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McGaha v. Orion Security Solutions L.L.C.

United States District Court, W.D. Oklahoma

March 14, 2019

JERRY D. McGAHA, Plaintiff,



         Now before the Court is the Motion for Partial Summary Judgment filed pursuant to Federal Rule of Civil Procedure 56 by Defendant Orion Security Solutions, L.L.C. See Def.'s Mot. (Doc. No. 35). Plaintiff Jerry D. McGaha has responded. See Pl.'s Resp. (Doc. No. 43. Defendant has replied. See Def.'s Reply (Doc No. 47).


         Defendant hired Plaintiff as a Service Division Manager and Systems Specialist. According to Plaintiff, he performed his duties satisfactorily, but was terminated after he complained about violations of the Fair Labor Standards Act of 1938 (“FLSA”), as amended, 29 U.S.C. §§ 201 et seq.

         Plaintiff brought suit on November 30, 2017, and alleged in his complaint that (1) Defendant failed to pay him “at the statutorily prescribed rate of one-and-one-half times the regular rate of pay for all hours worked in excess of forty (40) [hours] per week, ” Compl. (Doc. No. 1) ¶ 29; (2) Defendant illegally retaliated against him by discharging him after he reported Defendant's violation of the FLSA, see id. ¶¶ 33-37; and (3)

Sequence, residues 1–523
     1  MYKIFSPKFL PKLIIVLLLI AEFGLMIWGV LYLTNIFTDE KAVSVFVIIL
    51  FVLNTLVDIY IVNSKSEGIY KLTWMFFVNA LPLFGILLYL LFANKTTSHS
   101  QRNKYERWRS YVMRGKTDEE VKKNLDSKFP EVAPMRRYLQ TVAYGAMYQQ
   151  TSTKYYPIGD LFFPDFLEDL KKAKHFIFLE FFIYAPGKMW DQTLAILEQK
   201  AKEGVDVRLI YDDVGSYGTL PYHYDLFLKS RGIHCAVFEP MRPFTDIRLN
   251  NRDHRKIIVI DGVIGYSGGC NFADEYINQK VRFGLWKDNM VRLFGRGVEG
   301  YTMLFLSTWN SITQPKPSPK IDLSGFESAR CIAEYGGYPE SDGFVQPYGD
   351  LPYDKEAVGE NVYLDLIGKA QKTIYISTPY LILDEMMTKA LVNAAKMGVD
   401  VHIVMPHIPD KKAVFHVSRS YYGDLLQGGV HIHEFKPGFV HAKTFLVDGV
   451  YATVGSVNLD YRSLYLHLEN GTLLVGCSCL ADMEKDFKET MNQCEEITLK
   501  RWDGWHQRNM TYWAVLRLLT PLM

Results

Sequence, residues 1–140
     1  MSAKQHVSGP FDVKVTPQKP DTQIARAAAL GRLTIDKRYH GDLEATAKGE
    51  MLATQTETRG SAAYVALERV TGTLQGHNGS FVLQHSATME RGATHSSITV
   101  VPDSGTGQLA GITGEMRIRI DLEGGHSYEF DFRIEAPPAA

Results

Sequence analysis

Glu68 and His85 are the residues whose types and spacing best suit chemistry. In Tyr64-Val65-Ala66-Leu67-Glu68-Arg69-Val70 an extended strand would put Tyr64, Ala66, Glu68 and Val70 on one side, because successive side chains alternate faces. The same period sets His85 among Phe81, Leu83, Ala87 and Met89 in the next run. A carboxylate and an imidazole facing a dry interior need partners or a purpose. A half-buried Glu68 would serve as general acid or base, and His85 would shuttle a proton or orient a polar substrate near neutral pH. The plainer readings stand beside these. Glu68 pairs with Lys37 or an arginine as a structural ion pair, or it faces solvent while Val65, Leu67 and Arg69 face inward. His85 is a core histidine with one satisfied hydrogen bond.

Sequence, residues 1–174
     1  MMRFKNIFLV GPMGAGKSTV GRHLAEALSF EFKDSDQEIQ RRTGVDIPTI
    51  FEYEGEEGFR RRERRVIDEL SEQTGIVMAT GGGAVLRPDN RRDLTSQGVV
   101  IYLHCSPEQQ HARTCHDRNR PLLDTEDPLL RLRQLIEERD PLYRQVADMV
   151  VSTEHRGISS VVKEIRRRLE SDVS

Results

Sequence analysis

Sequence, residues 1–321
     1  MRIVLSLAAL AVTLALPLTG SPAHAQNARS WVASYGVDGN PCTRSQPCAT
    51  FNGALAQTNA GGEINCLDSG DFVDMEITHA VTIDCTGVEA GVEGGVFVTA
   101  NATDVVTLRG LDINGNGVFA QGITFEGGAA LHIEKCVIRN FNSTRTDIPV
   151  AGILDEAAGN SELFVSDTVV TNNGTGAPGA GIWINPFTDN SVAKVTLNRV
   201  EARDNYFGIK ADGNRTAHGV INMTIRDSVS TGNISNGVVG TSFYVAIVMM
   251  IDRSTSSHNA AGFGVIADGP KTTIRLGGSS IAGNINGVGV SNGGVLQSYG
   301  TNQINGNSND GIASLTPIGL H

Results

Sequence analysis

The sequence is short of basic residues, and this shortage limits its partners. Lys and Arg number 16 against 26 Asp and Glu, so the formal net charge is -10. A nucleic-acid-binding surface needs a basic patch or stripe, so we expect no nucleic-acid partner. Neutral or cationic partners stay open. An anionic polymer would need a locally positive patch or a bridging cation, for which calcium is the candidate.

Defendant violated Oklahoma common law when it converted Plaintiff's personal property, see id. ¶¶ 38-41. In the instant motion, Defendant has challenged only Plaintiff's retaliation claim, arguing that Plaintiff was properly terminated because he disregarded office policies and procedures and failed to perform basic duties.


         Summary judgment is a means of testing in advance of trial whether the available evidence would permit a reasonable jury to find in favor of the party asserting a claim. The Court must grant summary judgment when “there is no genuine dispute as to any material fact and the movant is entitled to judgment as a matter of law.” Fed.R.Civ.P. 56(a). “An issue is ‘genuine' if there is sufficient evidence on each side so that a rational trier of fact could resolve the issue either way.” Adler v. Wal-Mart Stores, Inc., 144 F.3d 664, 670 (10th Cir. 1998). “An issue of fact is ‘material' if under the substantive law it is essential to the proper disposition of the claim.” Id.